4 Mistakes Every Malaysian Parent Should Avoid When Planning Their Kids’ College Fund

4 Mistakes Every Malaysian Parent Should Avoid When Planning Their Kids’ College Fund

in partnership with ptptn

Fact: tertiary education in Malaysia is costly. The country has been ranked the fifth most-expensive to get a university education in relation to household income.

According to B2B marketplace Expert Market, average working parents in Malaysia spend 55% of their salaries on each child to complete tertiary education.

And things do not seem to be cooling off anytime soon when it comes to education.

One educationist even remarked that the future will be competitive to the point of parents – even middle-income ones – ensuring their children get quality education. This at the price of selling off their property and wiping out their savings.

The good news is with proper planning you don’t have to go to extremes in ensuring your children receive only the best in education.

Sure, sacrifices will need to be made now, but just like anything in life, an early start helps mitigate the financial pressure.

While you are planning that undergraduate roadmap, avoid these 4 costly mistakes:

Mistake #1: Not saving any money at all

Times are tough especially with the cost of living rising higher than wages but that doesn’t mean you can afford to not save up.

And that’s the biggest mistake someone can make: not saving for college at all. A survey by HSBC Bank found that a majority of parents were willing to empty out their savings and go into debt to finance their children’s education.

The main cause of concern: expensive fees.

The survey added that 57% of parents surveyed said they would go as far as taking up loans to fund their child’s university or college education despite having saved up earlier.

But let’s add more context: only 40% of Malaysians are retirement-ready and more than half of the Malaysians on the blacklist are PTPTN borrowers.

What this means is: going to extreme lengths to get your child that premium piece of paper may not be the wisest thing to do.

The Fix: Start with whatever amount you have. For motivation, the SSPN-i Plus is a good starter pack. The barrier to entry is very low, in fact you can start with commitment of only RM30 a month. The goal here is to start as early as possible.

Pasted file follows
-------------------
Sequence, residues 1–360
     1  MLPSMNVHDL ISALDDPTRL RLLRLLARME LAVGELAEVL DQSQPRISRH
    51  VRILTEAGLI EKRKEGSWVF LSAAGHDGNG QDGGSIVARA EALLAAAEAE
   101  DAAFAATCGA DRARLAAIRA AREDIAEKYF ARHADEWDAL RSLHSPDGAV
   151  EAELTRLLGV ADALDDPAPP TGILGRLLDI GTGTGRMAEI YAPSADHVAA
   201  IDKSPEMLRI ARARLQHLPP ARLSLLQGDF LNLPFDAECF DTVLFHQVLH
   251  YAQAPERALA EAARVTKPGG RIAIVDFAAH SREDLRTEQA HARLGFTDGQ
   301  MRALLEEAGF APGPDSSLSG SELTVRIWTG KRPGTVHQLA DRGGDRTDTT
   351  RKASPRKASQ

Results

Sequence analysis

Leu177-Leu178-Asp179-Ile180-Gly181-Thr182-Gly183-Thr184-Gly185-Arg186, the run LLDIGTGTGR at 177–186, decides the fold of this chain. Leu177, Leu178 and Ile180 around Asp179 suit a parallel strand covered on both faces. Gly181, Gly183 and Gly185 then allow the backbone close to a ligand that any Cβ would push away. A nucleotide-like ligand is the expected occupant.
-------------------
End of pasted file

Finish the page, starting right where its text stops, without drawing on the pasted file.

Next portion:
The SSPN-i Plus comes with a guaranteed 4% annual interest, so to reap the benefits from this savings plan, you only need to opt for the Nilam package at RM300 monthly.

If you are sending your child to college or university in 18 years’ time, your contribution would have ballooned to roughly RM97,000 – enough for you to fund your child through to public university or even a local college.

Mistake #2: Not taking advantage of existing tax reliefs

If you are among the one million taxpayers in the country, it’s always good practice to keep abreast with tax reliefs – and not just during tax season!

These are set by Lembaga Hasil Dalam Negeri (LHDN), the tax board in the country, where Malaysians are able to deduct a certain amount of money expended in a certain assessment year from their total annual income.

What this means is tax reliefs can help reduce your chargeable income, and thus your taxes. If planned properly, you can save a huge amount of taxes.

The Fix: Maximise your tax reliefs. If you are investing a child’s education insurance policy – such as an endowment and investment-linked policies – you enjoy up to RM3,000 in reliefs.

The new lifestyle tax has kicked in and all expenditure, some which inevitably go to your children, allows you to save up to RM2,500 a year.